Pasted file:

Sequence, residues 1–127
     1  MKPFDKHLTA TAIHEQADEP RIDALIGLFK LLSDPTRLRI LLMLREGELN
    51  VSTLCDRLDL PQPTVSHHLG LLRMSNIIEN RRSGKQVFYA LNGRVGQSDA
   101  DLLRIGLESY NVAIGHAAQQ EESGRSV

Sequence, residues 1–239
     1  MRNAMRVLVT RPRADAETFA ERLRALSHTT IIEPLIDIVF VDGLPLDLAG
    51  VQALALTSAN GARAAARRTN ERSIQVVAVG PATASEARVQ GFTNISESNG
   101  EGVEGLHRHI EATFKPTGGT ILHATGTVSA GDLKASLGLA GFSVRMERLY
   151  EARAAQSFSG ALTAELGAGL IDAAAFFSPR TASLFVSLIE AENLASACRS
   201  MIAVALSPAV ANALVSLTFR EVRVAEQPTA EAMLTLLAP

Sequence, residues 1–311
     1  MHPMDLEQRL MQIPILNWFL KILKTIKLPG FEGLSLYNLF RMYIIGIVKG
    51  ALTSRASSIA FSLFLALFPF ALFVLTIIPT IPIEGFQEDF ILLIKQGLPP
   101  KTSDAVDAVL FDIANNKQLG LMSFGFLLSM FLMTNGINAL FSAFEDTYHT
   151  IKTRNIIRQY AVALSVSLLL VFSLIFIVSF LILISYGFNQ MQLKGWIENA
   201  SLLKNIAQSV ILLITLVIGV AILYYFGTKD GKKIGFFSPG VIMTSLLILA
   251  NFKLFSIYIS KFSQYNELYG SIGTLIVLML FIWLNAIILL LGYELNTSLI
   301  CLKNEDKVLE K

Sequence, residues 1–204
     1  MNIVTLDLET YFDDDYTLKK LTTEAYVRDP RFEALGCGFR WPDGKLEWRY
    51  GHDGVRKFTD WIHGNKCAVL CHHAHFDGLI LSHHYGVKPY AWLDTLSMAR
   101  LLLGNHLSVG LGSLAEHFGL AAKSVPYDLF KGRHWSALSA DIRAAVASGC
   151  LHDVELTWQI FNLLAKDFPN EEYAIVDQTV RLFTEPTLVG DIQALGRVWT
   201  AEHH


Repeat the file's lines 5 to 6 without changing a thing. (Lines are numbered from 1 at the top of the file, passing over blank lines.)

Sequence, residues 1–239
     1  MRNAMRVLVT RPRADAETFA ERLRALSHTT IIEPLIDIVF VDGLPLDLAG